Back leg

Twin tenon gives greater gluing area and mechanical strength t above: To avoid the possibility of splitting the laminates, and to add some mechanical strength to the mating surfaces, knock down fittings were epoxied in place below left: Curved laminated leg is twin tenoned into back leg, note shaping on the top of the back leg

Assembly

The next stage is to dry assemble all the desktop components and check everything for square. If satisfied, glue and cramp up the top. Don't forget to make sure that the shelf floor is in position, as it cannot be fitted afterwards. When the cramps are removed the rear of the shelf floor can be screwed into the shelf back, as in a traditional drawer construction.

It is easier to fit the desktop to the leg components, before fitting the work surface into its frame, than vice versa. The legs are glued straight to the sides of the desktop, but I decided that extra fixing was required to ensure rigidity. Normally I would have screwed through the desktop sides and into the legs to achieve this.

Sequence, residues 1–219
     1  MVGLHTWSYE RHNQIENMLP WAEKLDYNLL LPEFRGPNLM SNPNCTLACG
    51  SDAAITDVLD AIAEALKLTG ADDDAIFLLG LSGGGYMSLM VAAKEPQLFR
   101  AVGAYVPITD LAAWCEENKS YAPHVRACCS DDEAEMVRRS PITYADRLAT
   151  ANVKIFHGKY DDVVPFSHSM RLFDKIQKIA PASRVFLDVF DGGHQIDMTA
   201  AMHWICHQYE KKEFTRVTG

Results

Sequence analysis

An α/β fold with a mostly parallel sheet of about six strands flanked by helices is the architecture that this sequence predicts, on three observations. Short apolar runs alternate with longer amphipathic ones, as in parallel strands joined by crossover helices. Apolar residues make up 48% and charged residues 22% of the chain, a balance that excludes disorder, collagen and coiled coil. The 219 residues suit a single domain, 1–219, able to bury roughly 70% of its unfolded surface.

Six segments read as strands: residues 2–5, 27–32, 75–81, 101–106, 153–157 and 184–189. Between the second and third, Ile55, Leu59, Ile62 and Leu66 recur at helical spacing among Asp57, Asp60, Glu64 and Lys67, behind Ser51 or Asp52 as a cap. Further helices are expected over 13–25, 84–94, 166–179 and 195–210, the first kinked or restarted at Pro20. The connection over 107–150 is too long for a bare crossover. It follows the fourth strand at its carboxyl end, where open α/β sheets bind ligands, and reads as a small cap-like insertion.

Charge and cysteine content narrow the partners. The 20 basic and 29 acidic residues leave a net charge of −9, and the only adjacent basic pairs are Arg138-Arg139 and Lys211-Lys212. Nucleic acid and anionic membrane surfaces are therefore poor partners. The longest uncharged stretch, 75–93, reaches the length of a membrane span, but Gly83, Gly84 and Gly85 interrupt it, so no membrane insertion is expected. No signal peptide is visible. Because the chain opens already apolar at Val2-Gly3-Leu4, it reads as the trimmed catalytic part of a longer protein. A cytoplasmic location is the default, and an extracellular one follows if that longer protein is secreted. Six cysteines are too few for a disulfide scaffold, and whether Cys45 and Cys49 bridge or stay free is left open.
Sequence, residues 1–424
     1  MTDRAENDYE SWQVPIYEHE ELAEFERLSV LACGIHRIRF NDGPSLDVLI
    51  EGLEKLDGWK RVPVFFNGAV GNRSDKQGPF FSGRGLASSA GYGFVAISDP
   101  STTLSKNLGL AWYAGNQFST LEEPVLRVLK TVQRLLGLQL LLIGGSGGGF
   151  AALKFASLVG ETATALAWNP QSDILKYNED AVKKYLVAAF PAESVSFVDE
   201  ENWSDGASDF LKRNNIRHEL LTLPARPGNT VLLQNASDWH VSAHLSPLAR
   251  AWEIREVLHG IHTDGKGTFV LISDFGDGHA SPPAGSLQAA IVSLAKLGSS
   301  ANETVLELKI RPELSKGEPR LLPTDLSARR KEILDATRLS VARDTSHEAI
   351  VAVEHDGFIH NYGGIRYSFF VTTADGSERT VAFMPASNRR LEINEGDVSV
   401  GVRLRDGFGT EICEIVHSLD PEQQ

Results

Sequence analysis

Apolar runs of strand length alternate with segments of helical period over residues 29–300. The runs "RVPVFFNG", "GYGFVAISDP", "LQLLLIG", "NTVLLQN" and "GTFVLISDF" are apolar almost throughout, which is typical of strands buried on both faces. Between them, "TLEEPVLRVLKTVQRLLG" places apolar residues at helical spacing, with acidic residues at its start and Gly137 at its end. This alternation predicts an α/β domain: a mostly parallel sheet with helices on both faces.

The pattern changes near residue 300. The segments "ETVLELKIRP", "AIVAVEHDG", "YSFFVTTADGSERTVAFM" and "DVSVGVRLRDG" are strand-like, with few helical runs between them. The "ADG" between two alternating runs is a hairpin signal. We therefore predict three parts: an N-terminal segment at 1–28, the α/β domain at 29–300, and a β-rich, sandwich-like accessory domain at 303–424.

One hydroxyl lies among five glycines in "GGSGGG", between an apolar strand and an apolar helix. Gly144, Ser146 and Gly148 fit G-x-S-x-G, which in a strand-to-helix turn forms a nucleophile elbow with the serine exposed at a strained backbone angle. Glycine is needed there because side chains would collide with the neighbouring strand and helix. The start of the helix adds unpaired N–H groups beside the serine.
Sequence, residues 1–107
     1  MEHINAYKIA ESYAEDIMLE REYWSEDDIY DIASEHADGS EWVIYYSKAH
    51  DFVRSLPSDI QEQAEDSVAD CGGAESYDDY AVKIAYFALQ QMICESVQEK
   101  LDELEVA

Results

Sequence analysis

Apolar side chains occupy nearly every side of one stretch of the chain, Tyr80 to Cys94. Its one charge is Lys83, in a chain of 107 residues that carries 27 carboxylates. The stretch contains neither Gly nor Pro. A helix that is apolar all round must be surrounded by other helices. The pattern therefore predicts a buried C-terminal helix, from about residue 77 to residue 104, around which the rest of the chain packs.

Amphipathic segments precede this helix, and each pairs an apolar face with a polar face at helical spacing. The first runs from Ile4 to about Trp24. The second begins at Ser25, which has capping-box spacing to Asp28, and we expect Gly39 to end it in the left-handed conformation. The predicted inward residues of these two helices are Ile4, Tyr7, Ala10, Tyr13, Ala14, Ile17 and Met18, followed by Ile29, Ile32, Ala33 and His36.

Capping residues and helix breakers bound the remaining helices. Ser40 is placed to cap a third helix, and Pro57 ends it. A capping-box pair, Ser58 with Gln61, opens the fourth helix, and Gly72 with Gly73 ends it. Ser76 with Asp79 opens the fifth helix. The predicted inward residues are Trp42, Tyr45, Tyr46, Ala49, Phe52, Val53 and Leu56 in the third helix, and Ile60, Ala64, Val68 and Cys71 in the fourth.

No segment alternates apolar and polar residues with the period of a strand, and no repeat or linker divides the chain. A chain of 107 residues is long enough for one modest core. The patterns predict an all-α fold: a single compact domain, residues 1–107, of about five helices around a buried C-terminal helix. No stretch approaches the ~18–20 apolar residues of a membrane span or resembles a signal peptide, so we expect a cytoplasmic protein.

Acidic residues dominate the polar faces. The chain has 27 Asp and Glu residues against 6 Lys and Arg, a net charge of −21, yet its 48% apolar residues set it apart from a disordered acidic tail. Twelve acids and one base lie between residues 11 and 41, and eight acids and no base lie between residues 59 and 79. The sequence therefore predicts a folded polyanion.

Back leg

Twin tenon gives greater gluing area and mechanical strength t

Corner block drilled to take top

Knock down fittings used between leg and side

Corner block drilled to take top

CLAMP REPEAT

CLAMP REPEAT

ABOVE! The knock down fittings used to attach the laminated leg to the side of the desk

RIGHT! Several models were made to help visualise the design and envisage any technical problems

BELOW: Internal structure of desk, corner blocks are used to fix the top

The underside of the desk's work-surface has to clear the top of the chair's armrests to enable the chair to be pushed under the desk when not in use.To achieve this the radius of the curve which is 550mm (2l%in) has to be increased to 590mm (23!4in),a difference of 40mm (l3/in).Two choices are available here - one is to construct a new former with the desired radius, the other is to use the method I employed.